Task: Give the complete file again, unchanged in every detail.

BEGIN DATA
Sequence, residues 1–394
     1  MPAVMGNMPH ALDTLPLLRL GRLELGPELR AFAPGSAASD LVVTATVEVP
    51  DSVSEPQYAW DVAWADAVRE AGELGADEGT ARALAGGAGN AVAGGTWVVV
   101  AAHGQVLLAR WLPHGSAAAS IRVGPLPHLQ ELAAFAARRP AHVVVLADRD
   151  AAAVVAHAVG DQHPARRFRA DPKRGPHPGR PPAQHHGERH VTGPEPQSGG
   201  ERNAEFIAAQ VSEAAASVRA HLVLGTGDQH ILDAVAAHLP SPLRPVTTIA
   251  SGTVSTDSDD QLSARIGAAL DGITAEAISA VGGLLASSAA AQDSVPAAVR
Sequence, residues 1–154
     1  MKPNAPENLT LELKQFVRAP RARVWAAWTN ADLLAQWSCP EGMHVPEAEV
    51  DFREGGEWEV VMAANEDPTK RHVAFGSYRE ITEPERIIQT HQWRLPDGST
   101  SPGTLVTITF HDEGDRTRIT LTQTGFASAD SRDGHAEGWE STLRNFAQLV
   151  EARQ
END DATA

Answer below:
Sequence, residues 1–394
     1  MPAVMGNMPH ALDTLPLLRL GRLELGPELR AFAPGSAASD LVVTATVEVP
    51  DSVSEPQYAW DVAWADAVRE AGELGADEGT ARALAGGAGN AVAGGTWVVV
   101  AAHGQVLLAR WLPHGSAAAS IRVGPLPHLQ ELAAFAARRP AHVVVLADRD
   151  AAAVVAHAVG DQHPARRFRA DPKRGPHPGR PPAQHHGERH VTGPEPQSGG
   201  ERNAEFIAAQ VSEAAASVRA HLVLGTGDQH ILDAVAAHLP SPLRPVTTIA
   251  SGTVSTDSDD QLSARIGAAL DGITAEAISA VGGLLASSAA AQDSVPAAVR
Sequence, residues 1–154
     1  MKPNAPENLT LELKQFVRAP RARVWAAWTN ADLLAQWSCP EGMHVPEAEV
    51  DFREGGEWEV VMAANEDPTK RHVAFGSYRE ITEPERIIQT HQWRLPDGST
   101  SPGTLVTITF HDEGDRTRIT LTQTGFASAD SRDGHAEGWE STLRNFAQLV
   151  EARQ